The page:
This is the same NASA that put a nuclear reactor on a B-36 Peacemaker. Men were men then. When you consider all of this is taking place in a pressurized tin can being thrown from one spinning rock to another on a mission that will last a good quarter or half of an orbit around a thermonuclear fireball, you realize monkeys weren't supposed to come down from trees so you may as well throw your tin can with style.

The shadow shield and propellant tanks are enough radioactive shielding to permit a docking with a station, if they approach and leave nose-first.

Link to post
Share on other sites
Yep, don't approach it from the rear! As far as I can tell, the NERVA was actually planned to be shielded to the sides as well, so as long as you didn't point the nozzle at anything squishy, you'd probably be okay

To the best of my knowledge the propellant used by the real world NERVA would be hydrogen. I'm not a nuclear physicist (and not a lawyer eitherâ€â€it never hurts to state that) but how would hydrogen pick up any radioactivity? What would make the exhaust plume dangerous?

Link to post
Share on other sites
To the best of my knowledge the propellant used by the real world NERVA would be hydrogen. I'm not a nuclear physicist (and not a lawyer eitherâ€â€it never hurts to state that) but how would hydrogen pick up any radioactivity? What would make the exhaust plume dangerous?

Not the exhaust plume, the hole in the nozzle that goes into the reactor core. You'd have a shine path pretty much straight from the fuel elements.

Link to post
Share on other sites

@peadar1987:

Is there something missing in your post?

@lajoswinkler:

Im not sure what you want to show with that picture...

@Kerbart:

Afaik Hydrogen could pick up a neutron, but that would make it harmless deuterium. As long as the fuel containment remains unbreached the only thing emited should be gamma rays, right?

Link to post
Share on other sites
To the best of my knowledge the propellant used by the real world NERVA would be hydrogen. I'm not a nuclear physicist (and not a lawyer eitherâ€â€it never hurts to state that) but how would hydrogen pick up any radioactivity? What would make the exhaust plume dangerous?

Nah, just some tiny amount of tritium. Skyshine would be a worse issue.

Im not sure what you want to show with that picture...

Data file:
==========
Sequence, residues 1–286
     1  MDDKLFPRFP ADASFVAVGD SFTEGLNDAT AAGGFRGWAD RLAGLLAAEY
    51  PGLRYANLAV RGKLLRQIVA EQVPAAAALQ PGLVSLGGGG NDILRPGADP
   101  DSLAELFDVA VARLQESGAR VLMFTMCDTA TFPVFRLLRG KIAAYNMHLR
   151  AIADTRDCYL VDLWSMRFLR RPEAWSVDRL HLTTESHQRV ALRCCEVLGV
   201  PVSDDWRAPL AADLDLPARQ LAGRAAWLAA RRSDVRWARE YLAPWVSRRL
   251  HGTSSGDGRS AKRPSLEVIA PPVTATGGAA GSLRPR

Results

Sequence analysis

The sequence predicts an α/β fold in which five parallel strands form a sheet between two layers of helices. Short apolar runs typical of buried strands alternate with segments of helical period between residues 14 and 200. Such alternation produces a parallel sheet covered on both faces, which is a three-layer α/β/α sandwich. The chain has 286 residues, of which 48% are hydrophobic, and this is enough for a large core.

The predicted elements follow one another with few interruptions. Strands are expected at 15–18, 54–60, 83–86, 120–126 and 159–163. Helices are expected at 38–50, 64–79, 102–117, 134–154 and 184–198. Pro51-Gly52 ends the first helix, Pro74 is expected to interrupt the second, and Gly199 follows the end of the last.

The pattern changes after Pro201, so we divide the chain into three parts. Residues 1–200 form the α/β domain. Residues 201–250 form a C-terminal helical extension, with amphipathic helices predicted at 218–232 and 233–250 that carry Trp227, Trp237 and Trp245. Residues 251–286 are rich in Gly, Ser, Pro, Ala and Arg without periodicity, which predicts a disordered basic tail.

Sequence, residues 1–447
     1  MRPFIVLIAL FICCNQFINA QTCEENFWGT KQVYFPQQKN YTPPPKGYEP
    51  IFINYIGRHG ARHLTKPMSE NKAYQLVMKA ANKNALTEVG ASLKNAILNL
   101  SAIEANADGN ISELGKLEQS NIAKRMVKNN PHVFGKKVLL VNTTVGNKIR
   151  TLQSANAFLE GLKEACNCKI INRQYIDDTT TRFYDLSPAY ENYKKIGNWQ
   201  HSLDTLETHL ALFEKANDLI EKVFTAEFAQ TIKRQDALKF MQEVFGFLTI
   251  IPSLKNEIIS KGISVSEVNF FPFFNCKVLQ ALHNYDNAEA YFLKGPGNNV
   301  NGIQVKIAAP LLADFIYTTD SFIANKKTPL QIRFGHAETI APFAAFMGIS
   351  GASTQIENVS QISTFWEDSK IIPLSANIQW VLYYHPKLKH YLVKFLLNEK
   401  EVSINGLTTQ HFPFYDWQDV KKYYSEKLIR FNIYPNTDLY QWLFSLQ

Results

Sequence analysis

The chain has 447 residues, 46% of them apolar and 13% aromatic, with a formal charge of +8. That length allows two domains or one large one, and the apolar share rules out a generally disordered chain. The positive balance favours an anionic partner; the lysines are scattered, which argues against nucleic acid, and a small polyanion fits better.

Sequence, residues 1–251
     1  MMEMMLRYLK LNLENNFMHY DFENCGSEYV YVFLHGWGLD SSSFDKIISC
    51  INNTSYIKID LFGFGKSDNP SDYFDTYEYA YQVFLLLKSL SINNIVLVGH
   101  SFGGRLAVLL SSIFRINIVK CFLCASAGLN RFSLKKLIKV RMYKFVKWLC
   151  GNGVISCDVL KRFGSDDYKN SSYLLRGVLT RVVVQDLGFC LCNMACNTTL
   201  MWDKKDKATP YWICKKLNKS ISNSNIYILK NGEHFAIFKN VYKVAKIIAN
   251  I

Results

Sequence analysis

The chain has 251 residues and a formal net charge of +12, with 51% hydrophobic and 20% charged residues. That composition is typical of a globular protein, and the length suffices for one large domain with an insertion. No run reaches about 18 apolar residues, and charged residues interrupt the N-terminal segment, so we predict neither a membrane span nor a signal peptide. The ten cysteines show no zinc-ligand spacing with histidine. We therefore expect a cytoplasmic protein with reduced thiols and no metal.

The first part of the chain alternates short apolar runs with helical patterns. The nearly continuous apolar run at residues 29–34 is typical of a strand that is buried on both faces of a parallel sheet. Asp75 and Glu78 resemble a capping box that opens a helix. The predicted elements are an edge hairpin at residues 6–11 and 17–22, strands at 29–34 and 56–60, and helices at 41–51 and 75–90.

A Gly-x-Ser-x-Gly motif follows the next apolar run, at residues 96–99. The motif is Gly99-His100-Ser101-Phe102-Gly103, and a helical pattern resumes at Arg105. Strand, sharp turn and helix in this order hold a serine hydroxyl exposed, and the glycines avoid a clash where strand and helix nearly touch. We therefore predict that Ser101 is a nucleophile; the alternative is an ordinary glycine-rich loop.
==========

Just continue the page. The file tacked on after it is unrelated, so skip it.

Docking with a target. You approach head on.

Not the exhaust plume, the hole in the nozzle that goes into the reactor core. You'd have a shine path pretty much straight from the fuel elements.

That can be avoided by coiling the hydrogen delivery conduit.

Link to post
Share on other sites

Afaik Hydrogen could pick up a neutron, but that would make it harmless deuterium. As long as the fuel containment remains unbreached the only thing emited should be gamma rays, right?

I'm pretty sure that's not possible since the only (or ultra majority of) interaction between hydrogen and neutrons (fast *and* thermal) is elastic diffusion... (That's why you want your nuclear-war shelter to be under a body of water btw !)

About emissions from the spent reactor, depending on the nature of the products of fission, there could be other stuff than gamma rays like Beta particles. Although those are quite easily and completely/reliably stopped by thin and light shields, i guess the problem would indeed be the gamma.

EDIT : on a (very much) more useless and pedantic note, the spent reactor would also emit (anti)neutrinos. Though those are very unlikely to hurt you ^^

Edited by Hcube
Link to post
Share on other sites

I just read Voyage by Steven Baxter. (FANTASTIC book BTW, highly recommend it. Not the best Alt History/Mars mission book, but still amazing, and I feel as if it's under-rated.) And there are two things that kind of confuse me.

1.) When testing the engine in the beginning he said you shouldn't cluster multiple engines. Is that true? Granted most the Saturn Nerva designs I've seen have one engine on the S-IVB. But still.

2.) If the reactor core ruptures, would it be a danger to the crew (Granted I know that anyone who is close to a reactor core would be in danger but how badly and->)? Because how would it get in?